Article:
Adriane Marie is an ethical consumerism advocate. She is the founder of HEALabel, a website and app that educates consumers about how our purchases — mainly food and fashion — affect our health, environment, animals, and the laborers that produce consumer goods. She's been vegan for six years, enjoys plant-based cooking, getting outdoors, and learning about sustainable, innovative fashion. Adriane is originally from Kentucky, but she began HEALabel in Los Angeles and currently lives in Berlin. Her favorite Jill Milan piece is the SoMa Bucket Bag in Pewter.
Could you tell me about your background? You’ve had some rather fascinating experiences in your travels.
I am from Kentucky but I have traveled to many places — Turkey, Germany, Croatia, Italy, England and other countries.
From 2013 to 2017, I lived in Los Angeles, and I became intrigued with conscious consumerism — sustainability, veganism, health issues and fair trade. California has a chronic water shortage and yet most of America’s food is grown in that state. I became interested in the impact our consumption had on the environment.
When I moved to Berlin, I found the city extremely vibrant. The city is innovative and people are interested in sustainability. This move furthered my interest in conscious consumerism.
How did you start HEALabel?
I started it toward the end of my time in Los Angeles. HEALabel was born of my own frustrations. I could find vegan food but it might contain palm oil, which is bad for the environment. In other instances, I might find apparel but not understand how it is made. For instance, had the garment been made with child labor or using unfair labor practices? I wanted answers to these questions.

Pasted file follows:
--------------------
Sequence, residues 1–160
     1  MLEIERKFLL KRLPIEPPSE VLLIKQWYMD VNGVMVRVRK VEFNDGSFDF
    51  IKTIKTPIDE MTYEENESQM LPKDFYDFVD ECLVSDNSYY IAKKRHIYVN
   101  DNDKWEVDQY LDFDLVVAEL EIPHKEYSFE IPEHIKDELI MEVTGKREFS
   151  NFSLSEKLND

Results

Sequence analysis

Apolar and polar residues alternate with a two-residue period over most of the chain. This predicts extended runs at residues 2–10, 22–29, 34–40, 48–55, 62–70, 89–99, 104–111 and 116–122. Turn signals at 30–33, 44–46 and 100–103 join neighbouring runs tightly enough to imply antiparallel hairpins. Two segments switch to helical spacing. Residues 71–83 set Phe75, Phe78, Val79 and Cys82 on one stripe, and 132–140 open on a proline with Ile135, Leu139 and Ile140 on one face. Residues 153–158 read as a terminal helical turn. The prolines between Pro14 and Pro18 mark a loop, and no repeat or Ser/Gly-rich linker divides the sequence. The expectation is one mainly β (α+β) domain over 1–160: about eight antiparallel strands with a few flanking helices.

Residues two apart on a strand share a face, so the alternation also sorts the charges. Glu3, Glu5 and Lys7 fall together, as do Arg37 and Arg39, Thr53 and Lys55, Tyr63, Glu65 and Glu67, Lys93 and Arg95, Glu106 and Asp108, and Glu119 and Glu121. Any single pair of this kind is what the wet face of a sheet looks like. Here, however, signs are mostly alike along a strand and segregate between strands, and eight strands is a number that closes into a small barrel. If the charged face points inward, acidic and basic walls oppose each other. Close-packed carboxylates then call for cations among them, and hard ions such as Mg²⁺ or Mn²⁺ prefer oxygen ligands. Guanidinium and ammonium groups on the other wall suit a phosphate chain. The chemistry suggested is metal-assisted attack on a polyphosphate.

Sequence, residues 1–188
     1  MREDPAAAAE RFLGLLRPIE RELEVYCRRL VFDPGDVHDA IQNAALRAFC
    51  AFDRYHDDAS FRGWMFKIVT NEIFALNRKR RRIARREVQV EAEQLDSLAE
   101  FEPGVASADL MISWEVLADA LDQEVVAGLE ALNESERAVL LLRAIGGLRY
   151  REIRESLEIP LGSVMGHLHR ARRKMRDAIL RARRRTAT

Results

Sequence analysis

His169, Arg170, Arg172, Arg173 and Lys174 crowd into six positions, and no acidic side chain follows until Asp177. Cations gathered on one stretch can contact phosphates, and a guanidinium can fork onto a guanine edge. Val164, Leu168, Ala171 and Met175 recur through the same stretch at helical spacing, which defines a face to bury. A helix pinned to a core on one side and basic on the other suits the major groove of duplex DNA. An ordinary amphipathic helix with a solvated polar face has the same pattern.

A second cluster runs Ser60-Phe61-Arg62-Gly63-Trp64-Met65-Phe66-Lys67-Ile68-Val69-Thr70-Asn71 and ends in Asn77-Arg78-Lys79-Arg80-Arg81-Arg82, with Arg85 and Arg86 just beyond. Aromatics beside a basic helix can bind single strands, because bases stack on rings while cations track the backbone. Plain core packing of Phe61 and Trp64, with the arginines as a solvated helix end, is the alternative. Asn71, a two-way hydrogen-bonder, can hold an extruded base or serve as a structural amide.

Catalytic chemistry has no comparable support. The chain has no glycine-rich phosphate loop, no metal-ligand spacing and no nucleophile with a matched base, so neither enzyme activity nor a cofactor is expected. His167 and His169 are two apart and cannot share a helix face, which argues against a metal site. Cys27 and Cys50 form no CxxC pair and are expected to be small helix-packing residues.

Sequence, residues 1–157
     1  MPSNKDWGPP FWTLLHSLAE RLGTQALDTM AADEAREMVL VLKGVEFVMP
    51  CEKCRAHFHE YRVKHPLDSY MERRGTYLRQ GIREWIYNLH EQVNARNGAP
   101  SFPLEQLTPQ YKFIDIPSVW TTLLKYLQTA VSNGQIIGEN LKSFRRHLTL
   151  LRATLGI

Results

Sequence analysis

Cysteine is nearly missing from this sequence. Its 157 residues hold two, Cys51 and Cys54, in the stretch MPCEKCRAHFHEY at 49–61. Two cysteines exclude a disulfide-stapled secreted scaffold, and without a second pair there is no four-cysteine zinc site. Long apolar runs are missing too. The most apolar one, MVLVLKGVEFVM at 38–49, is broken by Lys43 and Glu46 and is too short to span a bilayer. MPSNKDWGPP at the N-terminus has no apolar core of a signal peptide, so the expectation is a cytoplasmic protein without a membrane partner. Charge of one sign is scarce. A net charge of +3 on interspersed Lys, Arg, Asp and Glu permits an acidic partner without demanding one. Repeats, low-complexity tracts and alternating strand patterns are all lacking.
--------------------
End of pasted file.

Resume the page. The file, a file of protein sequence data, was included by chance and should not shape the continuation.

During the Covid lockdowns, I could finally devote myself fulltime to HEALabel.
What are some products that often use unfair labor practices?
Coffee, tea, bananas frequently use child labor. They are often sourced from areas that aren’t regulated well.
In general, refugees and immigrants are often in very vulnerable situations. Sometimes they are forced to work off debts they have incurred. In California, undocumented immigrants can’t turn to traditional channels if they have disputes.
Are you seeing any developments in newer, more sustainable fabrics?
Cactus leather is very innovative, very sustainable. The fabric doesn’t require strong chemicals to tan it. It also doesn’t need much water to grow and regenerates very quickly. You don’t have to kill the plant itself.
Pineapple leather is another interesting fabric. Pineapple is a by-product of the food industry. Fruit leather still has to be treated with a chemical so it doesn’t decompose but is still much more sustainable than using cow leather.
What is next for HEALabel?
Right now, a product might be labeled as cruelty-free, vegan, organic or fair trade, but there’s no packaging label that encompasses all of these issues. I wanted to create a label that would address all these facets of the problem.
In 2022, we will debut the "HEALabel Approved" label, so that shoppers can tell that an entire brand is non-toxic, vegan and cruelty-free, sustainable (including the packaging), and is fair to laborers.
HEALabel plans to approve not only food brands but cosmetic, personal care, and fashion brands as well.
Recently I’ve also become very active in helping brands become greener, in working with them to be sure their products and packaging are more sustainable.
When will you be finished with HEALabel?
Never! Fabrics and products are constantly evolving.